Typophile Devices

hrant's picture

How do we get at least a rough idea of the usage
distribution of devices used to read Typophile?
For example what proportion of reading events
take place on a smartphone.


Theunis de Jong's picture

iPad for me. No fancy Flash fonts but reading nicely.

David Bergsland's picture

iMac so far, maybe iPad in 2012

Karl Stange's picture

Primarily on my laptop but increasingly using an iPhone, including this response.

5star's picture


1996type's picture

iMac, Android. Home page takes a while to load on Android.

hrant's picture

Not what OS, what device.

Plus I'm hoping more for a method, not just data.
If somebody asks "How do you make ice-cream?" don't say "Rainbow Sherbet!!" :-)


Si_Daniels's picture

Lenovo x301 laptop computer
HTC HD7 smartphone

Grzegorz Rolek's picture

Hrant, you clearly don’t read Typophile on many different devices, otherwise you would notice that inserting line breaks by hand to make your paragraphs nicer do not always reflow well on different settings, making your efforts not only pointless, but counterproductive. Not picking-on here, just saying.

russellm's picture

MacBook (most frequent)
PC with Viewsonic LCD monitor (less frequent)
Backberry (hardly ever).

hrant's picture

Grzegorz, that's actually what I'm trying to resolve:

However I do think your conclusion is simplistic. To
me the point of a block of text isn't to look nice, it's to
be read. So I have to wonder what's worse: a paragraph
that's hard to read on most devices (because the lines
are way too long) or one that looks funny on some? Sure
funny lines aren't great, but missing the line return
every single time (or in practice, having to do the line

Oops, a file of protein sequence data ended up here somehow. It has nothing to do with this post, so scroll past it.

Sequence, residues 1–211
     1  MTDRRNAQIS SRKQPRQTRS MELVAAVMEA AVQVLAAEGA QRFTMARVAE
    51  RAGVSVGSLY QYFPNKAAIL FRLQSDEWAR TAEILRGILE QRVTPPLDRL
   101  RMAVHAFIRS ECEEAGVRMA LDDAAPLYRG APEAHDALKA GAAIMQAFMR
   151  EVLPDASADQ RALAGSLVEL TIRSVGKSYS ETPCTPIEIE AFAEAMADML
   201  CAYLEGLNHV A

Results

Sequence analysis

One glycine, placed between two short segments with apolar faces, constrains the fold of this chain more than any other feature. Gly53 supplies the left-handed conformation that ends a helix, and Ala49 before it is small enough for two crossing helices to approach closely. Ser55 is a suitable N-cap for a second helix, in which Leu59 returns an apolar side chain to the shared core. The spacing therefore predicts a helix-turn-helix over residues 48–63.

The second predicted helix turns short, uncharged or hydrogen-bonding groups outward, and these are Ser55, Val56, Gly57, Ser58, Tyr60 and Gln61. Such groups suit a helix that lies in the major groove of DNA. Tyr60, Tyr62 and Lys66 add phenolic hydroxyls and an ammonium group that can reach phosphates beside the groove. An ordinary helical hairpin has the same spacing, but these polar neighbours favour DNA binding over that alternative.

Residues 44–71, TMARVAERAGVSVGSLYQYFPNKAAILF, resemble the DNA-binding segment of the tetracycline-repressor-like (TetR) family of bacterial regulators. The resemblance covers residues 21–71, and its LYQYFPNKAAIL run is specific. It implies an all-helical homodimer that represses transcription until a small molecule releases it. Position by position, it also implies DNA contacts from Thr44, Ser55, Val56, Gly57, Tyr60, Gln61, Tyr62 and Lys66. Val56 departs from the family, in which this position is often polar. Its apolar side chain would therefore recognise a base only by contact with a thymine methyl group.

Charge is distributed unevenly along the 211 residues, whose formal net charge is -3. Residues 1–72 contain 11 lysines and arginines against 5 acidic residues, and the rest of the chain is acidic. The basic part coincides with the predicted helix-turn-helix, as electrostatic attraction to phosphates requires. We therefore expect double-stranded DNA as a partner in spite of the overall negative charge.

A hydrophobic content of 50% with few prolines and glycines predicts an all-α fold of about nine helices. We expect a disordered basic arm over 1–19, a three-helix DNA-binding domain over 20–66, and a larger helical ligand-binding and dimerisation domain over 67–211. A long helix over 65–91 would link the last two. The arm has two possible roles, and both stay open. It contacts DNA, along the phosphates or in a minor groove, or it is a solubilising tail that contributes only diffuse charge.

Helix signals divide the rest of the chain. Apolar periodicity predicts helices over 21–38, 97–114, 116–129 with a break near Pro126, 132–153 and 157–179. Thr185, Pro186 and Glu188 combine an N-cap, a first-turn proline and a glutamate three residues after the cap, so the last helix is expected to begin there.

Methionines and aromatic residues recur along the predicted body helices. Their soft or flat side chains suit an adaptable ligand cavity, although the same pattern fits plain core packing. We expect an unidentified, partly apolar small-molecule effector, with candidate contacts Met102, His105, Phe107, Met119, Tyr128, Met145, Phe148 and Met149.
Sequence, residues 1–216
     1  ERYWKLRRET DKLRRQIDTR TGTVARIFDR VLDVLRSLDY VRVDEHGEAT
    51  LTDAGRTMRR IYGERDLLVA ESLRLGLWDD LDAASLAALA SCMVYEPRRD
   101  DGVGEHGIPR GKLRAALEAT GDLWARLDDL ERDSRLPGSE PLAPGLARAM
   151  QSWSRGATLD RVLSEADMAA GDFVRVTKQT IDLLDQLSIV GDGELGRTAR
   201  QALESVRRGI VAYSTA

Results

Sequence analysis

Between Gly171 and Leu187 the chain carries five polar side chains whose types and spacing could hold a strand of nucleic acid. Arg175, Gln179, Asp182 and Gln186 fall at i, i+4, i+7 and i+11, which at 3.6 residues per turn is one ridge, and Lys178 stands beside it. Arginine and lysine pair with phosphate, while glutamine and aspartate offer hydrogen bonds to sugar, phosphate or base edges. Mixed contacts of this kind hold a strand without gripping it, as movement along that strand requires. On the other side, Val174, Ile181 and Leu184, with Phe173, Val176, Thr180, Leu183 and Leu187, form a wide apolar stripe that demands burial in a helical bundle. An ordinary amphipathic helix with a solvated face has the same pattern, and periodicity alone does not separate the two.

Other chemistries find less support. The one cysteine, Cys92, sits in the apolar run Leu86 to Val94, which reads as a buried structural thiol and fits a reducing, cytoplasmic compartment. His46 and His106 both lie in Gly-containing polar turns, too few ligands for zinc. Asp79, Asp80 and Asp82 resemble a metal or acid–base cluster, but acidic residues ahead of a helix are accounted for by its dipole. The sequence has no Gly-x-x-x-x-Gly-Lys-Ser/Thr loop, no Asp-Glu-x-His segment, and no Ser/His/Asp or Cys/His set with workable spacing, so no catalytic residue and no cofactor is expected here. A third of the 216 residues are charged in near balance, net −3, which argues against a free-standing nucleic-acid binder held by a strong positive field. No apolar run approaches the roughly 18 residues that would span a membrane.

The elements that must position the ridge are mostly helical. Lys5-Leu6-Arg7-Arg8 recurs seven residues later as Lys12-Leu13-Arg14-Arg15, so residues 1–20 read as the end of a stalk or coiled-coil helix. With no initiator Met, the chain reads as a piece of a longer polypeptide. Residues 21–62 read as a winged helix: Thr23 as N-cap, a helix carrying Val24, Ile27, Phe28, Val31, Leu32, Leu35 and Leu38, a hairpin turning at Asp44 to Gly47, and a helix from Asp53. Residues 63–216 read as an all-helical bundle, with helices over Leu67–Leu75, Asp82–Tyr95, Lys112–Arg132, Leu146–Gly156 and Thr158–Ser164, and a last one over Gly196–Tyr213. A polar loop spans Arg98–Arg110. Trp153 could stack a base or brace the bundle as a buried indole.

return very slowly in order to avoid missing the landing)
is worse. Most long posts (i.e. posts that contain long
paragraphs) on Typophile are quite daunting to read
because they look like that slab from Space Odyssey.

Hence the question I pose here. So if enough people view
Typophile on small screens what I should ideally do is go
even narrower on my measure. More work for me (because
it gets harder to have a non-distracting rag), but hey, that's
what Design is about.


Nick Shinn's picture

iMac (mostly), but also iPad and MacBook when I’m away from the studio.

dezcom's picture

iMac unless I am traveling.

The Punchcut guys may have automated statistics on site usage. You might check with Jared.

hrant's picture

Good idea - email (with a nice rag :-) sent.


Michel Boyer's picture

The environment variables give just part of the story. For instance, now the log should read something like HTTP_USER_AGENT=Mozilla/5.0 (Macintosh; Intel Mac OS X 10_6_8) AppleWebKit/534.52.7 (KHTML, like Gecko) Version/5.1.2 Safari/534.52.7 SERVER_PORT=80 for me. That is just part of the story because I am now on a Mini with a Flatron LG screen. Other times I am on a MacBook Pro and I can also be on a mini with a 25' Mac screen. The log does not tell that. I can also be on an iPad, during the week end.

.00's picture